The glaucoma surgical landscape has evolved substantially in the past decade. As early as the 1990s, primary surgical treatments for glaucoma were evaluated in clinical trials, including the Moorfields Primary Therapy Trial (MPTT)1 and the Collaborative Initial Glaucoma Treatment Study (CIGTS).2 In the former study, patients (N = 168) were randomly assigned to receive one of three treatments—laser, surgery, or medication—and were followed for a minimum of 5 years. Better visual field outcomes were found in the laser and surgery groups compared to the medication group. In the latter study, primary trabeculectomy versus medicine were overall similar in terms of visual fields, but there was less optic disc progression in the primary surgery group and less visual field progression for more moderate to advanced patients. The results of this and other studies underscore the importance of surgical intervention for elevated IOP. Historically, however, the timing of surgery is often reserved for later stages of disease progression.
As practicing ophthalmologists, we can sometimes have trouble getting around the standard indications for glaucoma surgery. We're programmed to proceed to surgery when the IOP is elevated and the patient is on the maximally tolerated medical therapy and has advanced disease. We're taught in medical school, residency, and fellowship to follow this dictum, and our colleagues reinforce this school of thought at meetings. We do glaucoma surgery when the disease is advanced and medical therapy is no longer effective.
But what about cataract surgery? No surgeon waits to perform phacoemulsification until the patient’s cataract is white or the disease has progressed so far that the patient’s visual acuity is count fingers. Rather, they perform cataract surgery much earlier in the disease state now to achieve optimal outcomes for their patients and, in the process, decrease the risk of intraoperative complications. The same is true with corneal surgery. No one waits to perform corneal surgery until an invasive procedure such as penetrating keratoplasty is required. Today, it is more likely that these patients will undergo less-invasive procedures such as Descemet membrane endothelial keratoplasty and Descemet stripping endothelial keratoplasty while their vision is still 20/25 or 20/30 with glare due to significant Fuchs dystrophy. Why is it not the same for glaucoma surgery?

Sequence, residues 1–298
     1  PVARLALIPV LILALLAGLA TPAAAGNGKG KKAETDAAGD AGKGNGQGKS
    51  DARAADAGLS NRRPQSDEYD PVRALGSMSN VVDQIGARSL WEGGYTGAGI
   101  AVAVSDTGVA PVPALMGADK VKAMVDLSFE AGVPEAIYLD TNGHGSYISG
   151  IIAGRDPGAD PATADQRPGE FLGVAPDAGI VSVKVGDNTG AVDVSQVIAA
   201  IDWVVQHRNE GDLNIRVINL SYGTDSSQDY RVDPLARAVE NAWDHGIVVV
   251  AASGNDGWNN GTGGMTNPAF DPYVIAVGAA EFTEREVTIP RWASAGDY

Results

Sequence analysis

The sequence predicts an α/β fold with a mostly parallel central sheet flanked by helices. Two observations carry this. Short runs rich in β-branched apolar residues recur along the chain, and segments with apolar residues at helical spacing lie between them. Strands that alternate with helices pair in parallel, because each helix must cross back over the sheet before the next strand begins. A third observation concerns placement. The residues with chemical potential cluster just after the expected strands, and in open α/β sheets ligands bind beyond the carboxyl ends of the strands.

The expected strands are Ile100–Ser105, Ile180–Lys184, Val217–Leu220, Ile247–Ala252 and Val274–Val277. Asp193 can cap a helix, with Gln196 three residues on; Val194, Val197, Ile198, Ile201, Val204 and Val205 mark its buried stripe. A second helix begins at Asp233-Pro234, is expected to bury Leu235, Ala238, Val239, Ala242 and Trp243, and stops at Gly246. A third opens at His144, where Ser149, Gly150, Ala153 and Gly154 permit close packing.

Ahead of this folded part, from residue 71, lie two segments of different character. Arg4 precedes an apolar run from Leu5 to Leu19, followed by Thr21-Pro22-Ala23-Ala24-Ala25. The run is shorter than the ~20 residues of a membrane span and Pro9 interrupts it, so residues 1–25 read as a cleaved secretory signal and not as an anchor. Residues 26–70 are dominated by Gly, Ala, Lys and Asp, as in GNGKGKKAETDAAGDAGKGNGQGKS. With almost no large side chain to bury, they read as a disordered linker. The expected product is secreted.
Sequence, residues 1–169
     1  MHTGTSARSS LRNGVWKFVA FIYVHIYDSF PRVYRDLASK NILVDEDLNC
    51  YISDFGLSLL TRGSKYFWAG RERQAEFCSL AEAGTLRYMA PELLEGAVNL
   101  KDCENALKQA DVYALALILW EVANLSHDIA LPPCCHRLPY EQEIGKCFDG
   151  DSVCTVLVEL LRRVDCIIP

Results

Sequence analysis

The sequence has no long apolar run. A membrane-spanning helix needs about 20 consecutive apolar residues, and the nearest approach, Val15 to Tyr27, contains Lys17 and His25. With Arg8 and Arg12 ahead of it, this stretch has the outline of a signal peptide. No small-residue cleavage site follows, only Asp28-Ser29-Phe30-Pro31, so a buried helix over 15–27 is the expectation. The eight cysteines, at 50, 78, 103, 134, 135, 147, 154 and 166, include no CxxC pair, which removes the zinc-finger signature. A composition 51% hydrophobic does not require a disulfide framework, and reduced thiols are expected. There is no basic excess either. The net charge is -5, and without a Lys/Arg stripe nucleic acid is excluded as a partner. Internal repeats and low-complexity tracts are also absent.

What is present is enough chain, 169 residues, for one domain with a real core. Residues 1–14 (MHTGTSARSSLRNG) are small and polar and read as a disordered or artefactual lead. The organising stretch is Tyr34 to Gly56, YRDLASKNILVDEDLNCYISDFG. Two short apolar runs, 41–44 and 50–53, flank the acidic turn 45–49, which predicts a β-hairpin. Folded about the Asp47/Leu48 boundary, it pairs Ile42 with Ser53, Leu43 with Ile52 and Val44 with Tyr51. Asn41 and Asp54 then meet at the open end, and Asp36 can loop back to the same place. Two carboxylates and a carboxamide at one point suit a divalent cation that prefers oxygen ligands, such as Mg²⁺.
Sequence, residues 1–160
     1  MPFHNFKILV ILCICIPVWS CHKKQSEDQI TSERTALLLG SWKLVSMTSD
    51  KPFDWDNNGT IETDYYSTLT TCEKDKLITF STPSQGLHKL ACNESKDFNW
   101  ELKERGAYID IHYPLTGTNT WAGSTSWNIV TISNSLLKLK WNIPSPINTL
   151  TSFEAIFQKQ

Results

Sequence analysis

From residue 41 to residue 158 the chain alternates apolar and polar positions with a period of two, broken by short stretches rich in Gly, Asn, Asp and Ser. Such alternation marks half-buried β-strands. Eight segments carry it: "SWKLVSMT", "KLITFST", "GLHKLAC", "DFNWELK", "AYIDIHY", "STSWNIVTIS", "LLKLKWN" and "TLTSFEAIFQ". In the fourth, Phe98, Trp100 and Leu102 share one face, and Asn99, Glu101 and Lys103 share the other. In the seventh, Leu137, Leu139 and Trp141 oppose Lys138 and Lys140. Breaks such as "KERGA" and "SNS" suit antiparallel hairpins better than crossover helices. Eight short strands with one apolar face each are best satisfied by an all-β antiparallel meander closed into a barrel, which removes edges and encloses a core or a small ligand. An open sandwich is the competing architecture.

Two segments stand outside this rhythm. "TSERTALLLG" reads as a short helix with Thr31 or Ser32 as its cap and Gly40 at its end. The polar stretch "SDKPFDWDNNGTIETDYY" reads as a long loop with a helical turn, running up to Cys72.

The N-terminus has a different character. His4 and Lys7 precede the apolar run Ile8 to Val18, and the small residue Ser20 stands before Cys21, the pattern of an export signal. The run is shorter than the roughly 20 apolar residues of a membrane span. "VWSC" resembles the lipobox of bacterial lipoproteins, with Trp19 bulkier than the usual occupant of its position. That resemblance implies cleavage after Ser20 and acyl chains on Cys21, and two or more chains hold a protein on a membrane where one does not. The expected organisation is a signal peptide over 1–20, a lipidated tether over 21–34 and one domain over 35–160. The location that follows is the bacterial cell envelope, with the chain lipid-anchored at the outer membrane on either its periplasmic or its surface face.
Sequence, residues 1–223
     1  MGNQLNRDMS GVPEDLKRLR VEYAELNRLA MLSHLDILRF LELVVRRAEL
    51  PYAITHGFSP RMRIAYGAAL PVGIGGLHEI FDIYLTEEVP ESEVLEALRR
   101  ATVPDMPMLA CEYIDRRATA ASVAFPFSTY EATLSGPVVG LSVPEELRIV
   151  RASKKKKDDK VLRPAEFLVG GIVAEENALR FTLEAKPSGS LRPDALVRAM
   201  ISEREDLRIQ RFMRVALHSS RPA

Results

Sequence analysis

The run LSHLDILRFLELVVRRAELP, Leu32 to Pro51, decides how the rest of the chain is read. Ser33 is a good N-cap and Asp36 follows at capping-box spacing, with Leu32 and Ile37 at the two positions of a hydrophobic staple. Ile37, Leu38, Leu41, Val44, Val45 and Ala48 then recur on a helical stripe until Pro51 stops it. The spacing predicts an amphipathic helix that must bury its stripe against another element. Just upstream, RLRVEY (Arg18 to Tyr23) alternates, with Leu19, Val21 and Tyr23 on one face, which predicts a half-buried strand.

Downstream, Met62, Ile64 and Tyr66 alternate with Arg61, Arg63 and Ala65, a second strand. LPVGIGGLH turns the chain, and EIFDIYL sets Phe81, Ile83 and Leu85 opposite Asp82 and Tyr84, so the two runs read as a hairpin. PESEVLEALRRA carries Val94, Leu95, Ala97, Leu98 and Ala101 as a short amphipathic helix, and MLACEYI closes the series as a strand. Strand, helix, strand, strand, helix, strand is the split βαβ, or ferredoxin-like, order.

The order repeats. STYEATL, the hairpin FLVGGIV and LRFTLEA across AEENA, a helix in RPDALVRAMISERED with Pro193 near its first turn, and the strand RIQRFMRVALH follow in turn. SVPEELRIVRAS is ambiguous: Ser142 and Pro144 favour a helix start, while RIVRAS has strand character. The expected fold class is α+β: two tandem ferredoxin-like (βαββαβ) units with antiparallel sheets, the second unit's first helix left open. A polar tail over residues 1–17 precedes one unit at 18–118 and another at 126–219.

EMBRACING THE PARADIGM SHIFT
In the past, the benefits of early glaucoma surgical intervention were insufficient and the significant risks too great to justify the early use of traditional procedures such as trabeculectomy or tube shunts. The emergence of MIGS procedures, however, has potentially tipped the risk-benefit scale in favor of early surgery to afford quality of life benefits to patients who otherwise would not be considered appropriate surgical candidates. Furthermore, decreased IOP fluctuation and the likelihood of improved adherence may reduce the risk of visual field progression and/or need to progress to further, more invasive surgery.3 This is a paradigm shift that I am hopeful more surgeons will continue to consider. (See The Risk-Benefit Scale of Early Glaucoma Surgical Intervention.)
MIGS procedures combined with cataract surgery create a pathway for early surgical intervention for glaucoma. It also creates the opportunity to intervene without adding significant risk to the patient. Conversely, MIGS as a standalone procedure is a more deterministic decision. In other words, modest efficacy may justify performing MIGS at the time of cataract surgery, but it might not justify using MIGS as a standalone procedure. The MIGS approach should therefore be selected carefully depending on the surgical goals. For a standalone procedure, the chosen MIGS approach should maximize the potential for effectiveness without sacrificing a favorable safety profile.